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Radio Daily Schedule

KQED Public Radio: Saturday, November 11, 2017

88.5 FM San Francisco •  89.3 FM Sacramento

Schedule is subject to change. Please visit kqed.org/tv/schedules/daily for the most up-to-date info.

Saturday, November 11, 2017
  • 12:00 am
  • 1:00 am
    KQED Newsroom Donna Brazile, Political Analysis, Bill Nye Hear an interview with Former Interim DNC Chairwoman Donna Brazile about her newest book, Hacks: The Inside Story of the Break-ins and Breakdowns That Put Donald Trump in the White House, which focuses heavily on the relationship between high-profile Democrats during the 2016 Presidential Election. Our political experts analyze the biggest news of the week from the Election Day wins for Democrats to President Trumps 12-day Asia visit. And Bill Nye (The Science Guy) opened up the wacky, wonderful world of science to kids in the 90s. In an interview with KQEDs Sheraz Sadiq he talks about his new mission to defend it.
  • 1:30 am
    Washington Week Democrats win big, President Trump visits Asia Democrats claimed big wins in the 2017 election from coast to coast, raising questions about Republicans ability to maintain their majority after next year's midterm elections. GOP Speaker Paul Ryan says the losses are not a rejection of President Trump's agenda, and he and fellow House and Senate Republicans remain focused on passing tax reform. But while Ryan and party leadership try to stay focused on their legislative agenda, sixteen Republican members of Congress have announced they are not seeking re-election next year. On the other side of the world, an unexpectedly low-key President Trump continues his 12-day trip to Asia. Arriving in China Trump delivered effusive praise to Chinese President Xi Jinping saying China deserves "great credit" for "taking advantage" of the U.S. on trade He then argued that a level economic playing field would improve the two countries relationship. The president is also trying to convince Xi to work with the U.S. to defuse North Korea's nuclear threat to the region and beyond.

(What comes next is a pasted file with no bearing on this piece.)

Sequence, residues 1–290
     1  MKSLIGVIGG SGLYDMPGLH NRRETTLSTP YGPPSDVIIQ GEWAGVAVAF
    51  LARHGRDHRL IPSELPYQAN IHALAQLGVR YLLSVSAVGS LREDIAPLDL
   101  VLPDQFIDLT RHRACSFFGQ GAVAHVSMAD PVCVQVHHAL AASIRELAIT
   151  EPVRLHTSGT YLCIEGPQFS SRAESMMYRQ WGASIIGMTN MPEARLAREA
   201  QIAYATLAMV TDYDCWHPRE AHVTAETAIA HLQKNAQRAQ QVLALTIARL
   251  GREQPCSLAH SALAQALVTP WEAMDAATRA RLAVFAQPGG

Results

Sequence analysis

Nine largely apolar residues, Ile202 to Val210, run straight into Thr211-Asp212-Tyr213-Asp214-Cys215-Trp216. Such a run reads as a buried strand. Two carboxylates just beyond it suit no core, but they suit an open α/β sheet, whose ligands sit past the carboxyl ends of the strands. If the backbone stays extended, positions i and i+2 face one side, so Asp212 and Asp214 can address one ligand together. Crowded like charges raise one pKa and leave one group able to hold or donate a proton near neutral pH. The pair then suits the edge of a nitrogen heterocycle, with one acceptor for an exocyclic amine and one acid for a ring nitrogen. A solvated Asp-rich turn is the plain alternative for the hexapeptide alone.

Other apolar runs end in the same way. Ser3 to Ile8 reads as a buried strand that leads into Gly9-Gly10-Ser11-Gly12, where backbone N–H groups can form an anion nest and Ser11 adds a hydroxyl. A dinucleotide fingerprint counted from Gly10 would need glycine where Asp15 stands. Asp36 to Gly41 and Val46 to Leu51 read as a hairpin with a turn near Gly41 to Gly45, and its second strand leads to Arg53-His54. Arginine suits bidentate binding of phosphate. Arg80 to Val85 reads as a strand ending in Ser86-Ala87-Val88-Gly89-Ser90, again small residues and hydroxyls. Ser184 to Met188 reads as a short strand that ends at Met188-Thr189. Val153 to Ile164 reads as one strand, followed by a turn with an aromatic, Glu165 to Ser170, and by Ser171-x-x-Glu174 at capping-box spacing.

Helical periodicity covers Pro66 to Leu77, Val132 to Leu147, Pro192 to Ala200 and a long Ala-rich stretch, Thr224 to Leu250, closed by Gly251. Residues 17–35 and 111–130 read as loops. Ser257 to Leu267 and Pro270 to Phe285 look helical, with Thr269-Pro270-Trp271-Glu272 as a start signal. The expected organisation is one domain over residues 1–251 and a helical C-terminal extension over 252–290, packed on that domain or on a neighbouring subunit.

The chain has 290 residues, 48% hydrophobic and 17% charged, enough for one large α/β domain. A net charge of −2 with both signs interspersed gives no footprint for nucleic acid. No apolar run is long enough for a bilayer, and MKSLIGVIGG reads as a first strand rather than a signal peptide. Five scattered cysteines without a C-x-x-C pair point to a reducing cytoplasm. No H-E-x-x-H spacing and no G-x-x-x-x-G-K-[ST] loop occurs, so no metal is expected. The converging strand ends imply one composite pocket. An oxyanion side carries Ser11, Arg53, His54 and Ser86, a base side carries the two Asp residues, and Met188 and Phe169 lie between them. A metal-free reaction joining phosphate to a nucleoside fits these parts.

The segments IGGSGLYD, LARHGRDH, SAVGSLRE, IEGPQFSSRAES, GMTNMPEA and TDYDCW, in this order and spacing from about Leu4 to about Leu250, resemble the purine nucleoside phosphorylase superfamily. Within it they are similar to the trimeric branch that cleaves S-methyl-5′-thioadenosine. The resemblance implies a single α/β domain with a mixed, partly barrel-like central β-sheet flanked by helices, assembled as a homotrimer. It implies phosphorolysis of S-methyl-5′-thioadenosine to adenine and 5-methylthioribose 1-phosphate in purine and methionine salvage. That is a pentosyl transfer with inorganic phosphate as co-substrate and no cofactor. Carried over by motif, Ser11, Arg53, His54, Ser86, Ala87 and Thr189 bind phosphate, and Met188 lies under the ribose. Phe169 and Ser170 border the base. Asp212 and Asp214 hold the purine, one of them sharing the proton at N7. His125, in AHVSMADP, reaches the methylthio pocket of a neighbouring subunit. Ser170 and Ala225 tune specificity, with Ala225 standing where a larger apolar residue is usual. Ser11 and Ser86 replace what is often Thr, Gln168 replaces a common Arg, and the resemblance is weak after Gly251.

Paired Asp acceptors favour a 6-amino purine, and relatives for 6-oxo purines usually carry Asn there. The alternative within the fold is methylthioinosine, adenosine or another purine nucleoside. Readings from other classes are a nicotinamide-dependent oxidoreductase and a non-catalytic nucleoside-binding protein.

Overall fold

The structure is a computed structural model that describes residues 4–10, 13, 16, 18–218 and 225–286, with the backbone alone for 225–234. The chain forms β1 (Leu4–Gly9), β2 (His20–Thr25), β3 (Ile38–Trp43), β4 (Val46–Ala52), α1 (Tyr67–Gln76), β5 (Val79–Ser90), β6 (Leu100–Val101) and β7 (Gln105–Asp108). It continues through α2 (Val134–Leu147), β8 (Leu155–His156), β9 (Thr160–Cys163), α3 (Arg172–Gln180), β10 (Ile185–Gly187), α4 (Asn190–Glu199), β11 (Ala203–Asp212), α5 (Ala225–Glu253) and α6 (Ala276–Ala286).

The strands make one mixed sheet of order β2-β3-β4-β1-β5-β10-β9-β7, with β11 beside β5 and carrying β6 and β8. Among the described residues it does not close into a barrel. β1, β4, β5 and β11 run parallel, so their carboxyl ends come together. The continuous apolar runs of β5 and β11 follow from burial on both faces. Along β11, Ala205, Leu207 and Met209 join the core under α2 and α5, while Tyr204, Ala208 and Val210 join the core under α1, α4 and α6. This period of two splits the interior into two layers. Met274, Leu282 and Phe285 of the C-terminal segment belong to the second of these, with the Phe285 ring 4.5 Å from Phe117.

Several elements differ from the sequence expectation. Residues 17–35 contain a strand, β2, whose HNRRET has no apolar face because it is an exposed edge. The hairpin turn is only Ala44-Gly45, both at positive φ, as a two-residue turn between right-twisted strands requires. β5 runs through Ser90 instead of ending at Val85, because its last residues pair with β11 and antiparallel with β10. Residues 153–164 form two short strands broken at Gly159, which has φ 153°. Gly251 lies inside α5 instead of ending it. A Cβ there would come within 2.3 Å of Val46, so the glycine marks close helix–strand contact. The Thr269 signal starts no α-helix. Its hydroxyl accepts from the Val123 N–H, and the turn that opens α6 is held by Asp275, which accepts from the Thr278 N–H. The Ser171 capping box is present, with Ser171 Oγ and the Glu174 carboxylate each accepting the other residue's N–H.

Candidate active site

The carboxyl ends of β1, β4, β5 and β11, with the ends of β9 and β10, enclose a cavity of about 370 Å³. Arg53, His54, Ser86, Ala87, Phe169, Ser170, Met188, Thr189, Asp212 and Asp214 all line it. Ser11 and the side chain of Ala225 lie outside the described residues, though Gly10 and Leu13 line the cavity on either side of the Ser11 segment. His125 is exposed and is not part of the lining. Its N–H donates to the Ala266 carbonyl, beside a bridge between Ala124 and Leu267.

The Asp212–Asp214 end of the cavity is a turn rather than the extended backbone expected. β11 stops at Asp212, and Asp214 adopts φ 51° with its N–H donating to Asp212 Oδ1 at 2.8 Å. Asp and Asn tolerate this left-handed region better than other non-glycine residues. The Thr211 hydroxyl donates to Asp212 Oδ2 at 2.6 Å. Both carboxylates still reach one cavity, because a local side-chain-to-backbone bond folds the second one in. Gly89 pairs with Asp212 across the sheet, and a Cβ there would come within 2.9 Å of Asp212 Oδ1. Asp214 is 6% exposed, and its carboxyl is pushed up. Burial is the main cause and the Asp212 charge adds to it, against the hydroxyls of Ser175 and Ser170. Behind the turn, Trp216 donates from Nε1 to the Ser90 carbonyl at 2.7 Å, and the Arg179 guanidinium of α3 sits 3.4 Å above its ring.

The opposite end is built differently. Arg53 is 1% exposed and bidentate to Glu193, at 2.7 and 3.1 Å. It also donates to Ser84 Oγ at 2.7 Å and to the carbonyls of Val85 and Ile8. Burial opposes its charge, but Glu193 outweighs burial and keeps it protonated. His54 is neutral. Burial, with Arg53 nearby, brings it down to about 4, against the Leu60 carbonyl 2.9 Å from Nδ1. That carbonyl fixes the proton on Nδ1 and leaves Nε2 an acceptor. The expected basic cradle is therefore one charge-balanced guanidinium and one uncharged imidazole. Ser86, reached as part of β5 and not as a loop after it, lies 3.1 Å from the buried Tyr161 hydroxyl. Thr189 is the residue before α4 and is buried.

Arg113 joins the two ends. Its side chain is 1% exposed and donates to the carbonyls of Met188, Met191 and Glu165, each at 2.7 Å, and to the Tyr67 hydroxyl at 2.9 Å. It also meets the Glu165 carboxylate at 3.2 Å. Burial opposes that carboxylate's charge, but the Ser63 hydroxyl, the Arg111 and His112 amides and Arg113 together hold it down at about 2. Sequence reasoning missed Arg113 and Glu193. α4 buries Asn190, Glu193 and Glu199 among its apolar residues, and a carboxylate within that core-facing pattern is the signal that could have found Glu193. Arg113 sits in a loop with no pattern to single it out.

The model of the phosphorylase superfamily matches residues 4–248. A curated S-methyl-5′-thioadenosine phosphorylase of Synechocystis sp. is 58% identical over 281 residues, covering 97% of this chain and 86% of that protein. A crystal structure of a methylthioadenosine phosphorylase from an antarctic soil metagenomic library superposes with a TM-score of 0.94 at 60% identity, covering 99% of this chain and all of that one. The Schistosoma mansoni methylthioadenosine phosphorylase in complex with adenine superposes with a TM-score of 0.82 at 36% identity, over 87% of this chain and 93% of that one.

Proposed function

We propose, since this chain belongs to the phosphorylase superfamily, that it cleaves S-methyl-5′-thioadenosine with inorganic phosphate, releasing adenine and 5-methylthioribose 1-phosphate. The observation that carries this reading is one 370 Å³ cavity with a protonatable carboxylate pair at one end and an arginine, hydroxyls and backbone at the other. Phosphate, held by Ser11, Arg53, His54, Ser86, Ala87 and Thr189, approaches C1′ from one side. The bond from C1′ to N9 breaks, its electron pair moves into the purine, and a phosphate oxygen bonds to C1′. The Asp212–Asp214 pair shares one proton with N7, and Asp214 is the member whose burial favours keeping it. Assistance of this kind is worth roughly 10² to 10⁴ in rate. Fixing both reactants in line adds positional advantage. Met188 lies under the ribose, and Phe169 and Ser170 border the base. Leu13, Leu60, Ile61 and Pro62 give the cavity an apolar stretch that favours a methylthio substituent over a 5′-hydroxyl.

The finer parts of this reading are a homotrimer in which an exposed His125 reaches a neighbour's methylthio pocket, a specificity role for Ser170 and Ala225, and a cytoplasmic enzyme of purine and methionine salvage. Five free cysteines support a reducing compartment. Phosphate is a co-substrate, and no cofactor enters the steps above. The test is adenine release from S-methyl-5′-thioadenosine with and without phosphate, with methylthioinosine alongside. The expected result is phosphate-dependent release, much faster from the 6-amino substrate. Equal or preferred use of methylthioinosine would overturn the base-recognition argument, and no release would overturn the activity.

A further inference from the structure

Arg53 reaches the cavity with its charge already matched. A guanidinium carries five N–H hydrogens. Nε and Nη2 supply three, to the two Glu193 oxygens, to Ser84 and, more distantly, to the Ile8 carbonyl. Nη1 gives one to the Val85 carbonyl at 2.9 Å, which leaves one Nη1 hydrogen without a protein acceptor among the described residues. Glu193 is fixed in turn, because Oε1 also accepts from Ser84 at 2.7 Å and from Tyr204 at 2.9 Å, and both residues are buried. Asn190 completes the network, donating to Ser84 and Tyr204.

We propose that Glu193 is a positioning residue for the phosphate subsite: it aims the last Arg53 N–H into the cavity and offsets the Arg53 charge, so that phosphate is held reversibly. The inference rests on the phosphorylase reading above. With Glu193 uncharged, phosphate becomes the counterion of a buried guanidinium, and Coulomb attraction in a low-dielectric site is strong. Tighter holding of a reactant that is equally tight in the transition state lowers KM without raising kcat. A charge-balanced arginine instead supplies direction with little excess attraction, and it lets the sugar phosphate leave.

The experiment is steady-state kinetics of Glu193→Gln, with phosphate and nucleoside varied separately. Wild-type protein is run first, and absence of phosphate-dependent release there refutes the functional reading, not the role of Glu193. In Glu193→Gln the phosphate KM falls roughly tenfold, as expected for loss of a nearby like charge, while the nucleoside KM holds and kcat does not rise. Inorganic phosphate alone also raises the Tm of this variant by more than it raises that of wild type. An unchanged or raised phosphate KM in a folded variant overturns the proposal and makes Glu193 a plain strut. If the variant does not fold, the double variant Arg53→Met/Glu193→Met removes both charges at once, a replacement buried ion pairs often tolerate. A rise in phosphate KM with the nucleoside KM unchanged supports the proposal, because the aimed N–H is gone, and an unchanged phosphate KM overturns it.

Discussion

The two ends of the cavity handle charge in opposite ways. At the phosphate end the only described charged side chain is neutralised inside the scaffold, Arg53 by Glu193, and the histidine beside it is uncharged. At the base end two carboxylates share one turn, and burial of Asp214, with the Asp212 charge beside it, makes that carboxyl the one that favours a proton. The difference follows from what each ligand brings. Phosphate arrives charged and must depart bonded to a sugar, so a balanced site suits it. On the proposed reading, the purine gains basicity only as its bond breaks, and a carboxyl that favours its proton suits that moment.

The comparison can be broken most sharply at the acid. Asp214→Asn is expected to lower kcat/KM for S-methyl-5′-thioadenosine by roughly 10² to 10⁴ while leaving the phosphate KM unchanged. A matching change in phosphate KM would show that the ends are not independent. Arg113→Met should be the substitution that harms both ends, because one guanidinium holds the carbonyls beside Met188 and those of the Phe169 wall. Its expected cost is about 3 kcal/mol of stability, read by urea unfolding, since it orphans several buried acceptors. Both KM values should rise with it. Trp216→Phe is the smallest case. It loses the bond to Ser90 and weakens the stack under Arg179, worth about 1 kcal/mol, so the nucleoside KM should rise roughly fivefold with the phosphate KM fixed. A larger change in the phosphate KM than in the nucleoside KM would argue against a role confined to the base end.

• 2:00 am
    Commonwealth Club Anne-Marie Slaughter: Technology For The People In the tech world and beyond, government is often seen as slow and tech illiteratethe antithesis to innovation. However, this misperception is rapidly changing. Governments in San Francisco and cities across the nation are starting to harness the power of technology to tackle the biggest problems we face today. By partnering with technology, government becomes more accessible and efficient, and citizens can engage in change like never before. Anne-Marie Slaughter has seen firsthand how this innovation is possible. She served as the director of policy planning at the State Department under Secretary Hillary Clinton and is currently the president and CEO of the nonpartisan think tank New America. She will talk about local change-makers and how civic technology can be the best way to encourage citizens to organize, participate and act in government.
  • 3:00 am
  • 4:00 am